Democratic fissures over California's cap-and-trade mandates deepened on Thursday, with a key moderate Democrat introducing a bill to push back a looming rule expected to cause a spike in prices at the pump.
The bill by Assembly Member Henry T. Perea, D-Fresno, would delay for three years a rule requiring the energy industry to purchase permits for transportation fuels. Lawmakers and critics have been warning for months about a resulting price bump.
California's landmark emissions-reducing law, AB 32, erected a first-in-the-nation carbon permitting program. The cap-and-trade program allows industry to buy allowances offsetting the climate change-fueling greenhouse gases they pour into the air.
The new system has already begun generating millions in revenue, with this year's budget dedicating the new revenue stream to a mix of affordable housing, mass transit and the high-speed rail project championed by Gov. Jerry Brown.
But the coming inclusion of transportation fuel into the program is threatening to push gas prices up, prompting alarm from moderate Democrats. In a show of broad discontent, 16 Democrats last week sent a letter to the Air Resources Board urging the air quality regulator to delay implementing the new rule. Despite the complaint, all but one of them voted to spend the money the rule is expected to generate.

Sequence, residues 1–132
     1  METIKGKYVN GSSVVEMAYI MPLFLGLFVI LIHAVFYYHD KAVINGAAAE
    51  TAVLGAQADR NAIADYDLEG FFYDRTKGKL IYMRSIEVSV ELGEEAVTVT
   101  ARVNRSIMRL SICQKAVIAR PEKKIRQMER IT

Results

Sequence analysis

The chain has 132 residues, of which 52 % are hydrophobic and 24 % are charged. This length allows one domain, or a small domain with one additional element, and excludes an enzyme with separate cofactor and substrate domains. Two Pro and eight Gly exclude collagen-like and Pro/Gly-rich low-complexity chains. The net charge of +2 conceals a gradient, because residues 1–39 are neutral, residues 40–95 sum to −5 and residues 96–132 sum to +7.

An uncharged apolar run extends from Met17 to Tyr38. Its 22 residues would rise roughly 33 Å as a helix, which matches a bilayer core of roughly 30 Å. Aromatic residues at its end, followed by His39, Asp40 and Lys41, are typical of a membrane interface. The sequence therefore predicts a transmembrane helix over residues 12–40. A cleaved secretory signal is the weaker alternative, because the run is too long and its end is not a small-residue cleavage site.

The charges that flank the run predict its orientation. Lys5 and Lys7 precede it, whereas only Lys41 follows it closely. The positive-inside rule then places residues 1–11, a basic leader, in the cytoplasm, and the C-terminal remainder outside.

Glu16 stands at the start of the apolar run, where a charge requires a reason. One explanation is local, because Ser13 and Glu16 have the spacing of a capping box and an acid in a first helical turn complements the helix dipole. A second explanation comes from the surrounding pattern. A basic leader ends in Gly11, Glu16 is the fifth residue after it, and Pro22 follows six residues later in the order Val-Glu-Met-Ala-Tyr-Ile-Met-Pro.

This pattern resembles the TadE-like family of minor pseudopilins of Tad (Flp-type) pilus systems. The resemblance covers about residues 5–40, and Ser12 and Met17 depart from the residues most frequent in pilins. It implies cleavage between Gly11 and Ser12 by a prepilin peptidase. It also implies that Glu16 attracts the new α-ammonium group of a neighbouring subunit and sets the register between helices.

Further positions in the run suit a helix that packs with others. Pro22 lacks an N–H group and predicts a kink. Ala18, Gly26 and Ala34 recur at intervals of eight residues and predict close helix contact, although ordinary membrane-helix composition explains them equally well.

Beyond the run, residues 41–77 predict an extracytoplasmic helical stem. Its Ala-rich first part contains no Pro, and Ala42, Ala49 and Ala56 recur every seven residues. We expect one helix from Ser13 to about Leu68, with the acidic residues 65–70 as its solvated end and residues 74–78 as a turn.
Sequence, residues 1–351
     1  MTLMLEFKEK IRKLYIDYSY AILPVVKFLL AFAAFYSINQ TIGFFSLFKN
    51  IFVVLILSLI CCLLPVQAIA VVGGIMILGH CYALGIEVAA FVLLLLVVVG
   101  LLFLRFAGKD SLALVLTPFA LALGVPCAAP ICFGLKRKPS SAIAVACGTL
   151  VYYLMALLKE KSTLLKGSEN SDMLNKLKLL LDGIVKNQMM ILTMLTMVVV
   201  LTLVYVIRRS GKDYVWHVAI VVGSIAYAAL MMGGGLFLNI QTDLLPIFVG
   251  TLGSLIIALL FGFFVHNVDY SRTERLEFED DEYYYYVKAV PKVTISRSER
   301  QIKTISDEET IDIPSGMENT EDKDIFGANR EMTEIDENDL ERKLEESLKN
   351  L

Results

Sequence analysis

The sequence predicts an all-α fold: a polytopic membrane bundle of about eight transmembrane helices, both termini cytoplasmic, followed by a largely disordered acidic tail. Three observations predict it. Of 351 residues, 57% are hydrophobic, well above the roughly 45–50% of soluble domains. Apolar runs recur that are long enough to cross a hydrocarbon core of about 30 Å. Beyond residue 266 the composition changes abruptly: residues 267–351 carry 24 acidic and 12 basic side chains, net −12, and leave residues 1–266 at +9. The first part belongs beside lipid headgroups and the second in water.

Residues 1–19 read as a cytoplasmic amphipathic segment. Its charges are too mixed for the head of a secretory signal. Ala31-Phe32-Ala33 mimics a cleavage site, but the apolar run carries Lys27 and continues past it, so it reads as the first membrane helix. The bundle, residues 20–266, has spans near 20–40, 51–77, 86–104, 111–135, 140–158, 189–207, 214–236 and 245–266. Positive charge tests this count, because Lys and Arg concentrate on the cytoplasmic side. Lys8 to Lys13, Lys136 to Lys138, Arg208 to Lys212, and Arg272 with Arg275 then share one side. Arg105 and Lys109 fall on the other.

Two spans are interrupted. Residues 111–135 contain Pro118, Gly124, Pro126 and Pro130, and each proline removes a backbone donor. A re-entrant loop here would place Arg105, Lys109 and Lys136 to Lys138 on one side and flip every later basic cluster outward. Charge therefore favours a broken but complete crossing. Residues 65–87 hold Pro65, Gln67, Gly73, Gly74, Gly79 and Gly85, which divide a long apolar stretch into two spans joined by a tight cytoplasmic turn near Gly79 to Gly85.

Perea said he still supports AB 32's overarching goal of reducing emissions but does not believe consumers have been adequately prepared.
"What we're really trying to do on this is create a public discussion, because I'm not sure the public is aware of cap-and-trade and what it's going to do to their pocketbooks," Perea said.
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